www.regulations.gov without change. All personal identifying 
information (e.g., name, address, etc.) submitted voluntarily by the 
sender will be publicly accessible. Do not submit confidential business 
information, or otherwise sensitive or protected information. NMFS will 
accept anonymous comments (enter ``N/A'' in the required fields if you 
wish to remain anonymous). Attachments to electronic comments will be 
accepted in Microsoft Word or Excel, WordPerfect, or Adobe PDF file 
formats only.

FOR FURTHER INFORMATION CONTACT: Jason Berthiaume, Fishery Management 
Specialist, phone (978) 281-9177, fax (978) 281-9135.

SUPPLEMENTARY INFORMATION:

Background

    The Georges Bank (GB) Closed Area, located in the Exclusive 
Economic Zone east of 69[deg]00' W. long. and south of 42[deg]20' N. 
lat., has been closed to the harvest of surfclams and ocean quahogs 
since 1990 due to red tide blooms that cause paralytic shellfish 
poisoning (PSP). The closure was implemented based on advice from the 
U.S. Food and Drug Administration (FDA) after samples tested positive 
for toxins (saxitoxins) that cause PSP. These toxins are produced by 
the alga Alexandrium fundyense, which can form blooms commonly referred 
to as red tides, or harmful algal blooms, and can accumulate in water 
column filter-feeding shellfish. Shellfish contaminated with the toxin, 
if eaten in large enough quantity, can cause illness or death in 
humans.
    Due to inadequate testing or monitoring of the water and shellfish

[[Page 75058]]

within the area for the presence of PSP-causing toxins, the closure was 
made permanent in 1999, under Amendment 12 to the Atlantic Surfclam and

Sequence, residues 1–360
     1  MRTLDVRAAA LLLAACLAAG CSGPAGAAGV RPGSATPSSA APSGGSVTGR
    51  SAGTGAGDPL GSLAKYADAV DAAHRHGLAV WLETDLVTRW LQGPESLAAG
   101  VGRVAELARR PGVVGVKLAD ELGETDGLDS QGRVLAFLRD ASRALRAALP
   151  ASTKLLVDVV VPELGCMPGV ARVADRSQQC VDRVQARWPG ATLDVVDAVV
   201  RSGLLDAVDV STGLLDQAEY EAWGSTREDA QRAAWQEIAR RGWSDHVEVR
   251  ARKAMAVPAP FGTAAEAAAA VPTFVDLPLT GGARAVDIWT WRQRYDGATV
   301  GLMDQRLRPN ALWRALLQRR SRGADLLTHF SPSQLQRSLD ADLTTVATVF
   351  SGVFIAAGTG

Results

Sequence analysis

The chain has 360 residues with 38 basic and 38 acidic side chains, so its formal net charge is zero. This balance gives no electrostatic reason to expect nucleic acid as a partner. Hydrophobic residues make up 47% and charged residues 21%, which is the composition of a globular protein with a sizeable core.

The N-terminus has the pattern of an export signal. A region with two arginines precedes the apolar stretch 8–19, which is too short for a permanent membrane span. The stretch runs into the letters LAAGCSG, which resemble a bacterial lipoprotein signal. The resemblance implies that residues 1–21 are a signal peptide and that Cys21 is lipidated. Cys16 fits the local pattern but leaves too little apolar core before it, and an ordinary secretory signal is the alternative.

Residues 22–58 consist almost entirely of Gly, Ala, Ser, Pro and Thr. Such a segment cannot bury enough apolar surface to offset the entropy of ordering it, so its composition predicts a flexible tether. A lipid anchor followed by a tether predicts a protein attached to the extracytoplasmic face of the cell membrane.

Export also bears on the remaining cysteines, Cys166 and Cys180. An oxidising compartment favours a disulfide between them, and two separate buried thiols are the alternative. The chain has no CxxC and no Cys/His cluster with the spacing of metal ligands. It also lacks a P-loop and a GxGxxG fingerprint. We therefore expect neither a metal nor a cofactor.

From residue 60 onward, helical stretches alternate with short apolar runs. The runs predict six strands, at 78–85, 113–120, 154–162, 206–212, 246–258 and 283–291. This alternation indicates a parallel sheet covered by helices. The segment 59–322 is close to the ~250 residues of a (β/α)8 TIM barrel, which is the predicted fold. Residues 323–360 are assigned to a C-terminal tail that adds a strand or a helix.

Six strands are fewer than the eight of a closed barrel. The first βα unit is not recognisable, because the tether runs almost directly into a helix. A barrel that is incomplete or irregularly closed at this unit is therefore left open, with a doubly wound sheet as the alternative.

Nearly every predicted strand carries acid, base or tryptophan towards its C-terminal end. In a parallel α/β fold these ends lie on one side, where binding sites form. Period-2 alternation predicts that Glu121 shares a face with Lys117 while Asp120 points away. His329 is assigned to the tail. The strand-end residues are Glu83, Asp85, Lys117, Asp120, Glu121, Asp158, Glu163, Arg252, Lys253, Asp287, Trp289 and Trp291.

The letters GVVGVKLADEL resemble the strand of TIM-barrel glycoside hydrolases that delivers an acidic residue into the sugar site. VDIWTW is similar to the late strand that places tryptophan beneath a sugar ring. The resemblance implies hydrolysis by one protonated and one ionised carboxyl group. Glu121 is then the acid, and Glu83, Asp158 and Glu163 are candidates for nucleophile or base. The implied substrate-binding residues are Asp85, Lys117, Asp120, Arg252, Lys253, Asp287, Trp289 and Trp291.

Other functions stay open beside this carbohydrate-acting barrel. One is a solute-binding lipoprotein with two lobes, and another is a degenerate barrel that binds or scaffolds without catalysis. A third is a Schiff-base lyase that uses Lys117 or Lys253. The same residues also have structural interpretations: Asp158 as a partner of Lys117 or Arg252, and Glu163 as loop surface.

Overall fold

Ocean Quahog Fishery Management Plan (FMP). Since the implementation of 
the closure, NOAA's National Ocean Service has provided grants to the 
FDA, the states of Maine, New Hampshire, and Massachusetts, and a clam 
industry representative to collect water and shellfish samples from 
Federal waters off southern New England. NMFS has also issued exempted 
fishing permits (EFPs) since 2008 to surfclam and ocean quahog vessels 
to conduct research in the closure area. Testing of clams on GB by the 
FDA in cooperation with NMFS and the fishing industry under the EFPs 
demonstrate that PSP toxin levels have been well below the regulatory 
limit established for public health safety (FDA 2010). The FDA and NMFS 
also developed a Protocol for Onboard Screening and Dockside Testing in 
Molluscan Shellfish (the protocol) that is designed to test and verify 
that clams harvested from GB are safe. The protocol was formally 
adopted into the National Shellfish Sanitation Program at the October 
2011 Interstate Shellfish Sanitation Conference.
    On June 30, 2010, NMFS published a similar proposal in the Federal 
Register (75 FR 37745) to re-open a portion of the GB Closed Area. This 
proposed rule was later withdrawn due to public comments that opposed 
reopening the GB Closed Area without having a testing protocol in 
place. Now that the protocol has been formally adopted, NMFS is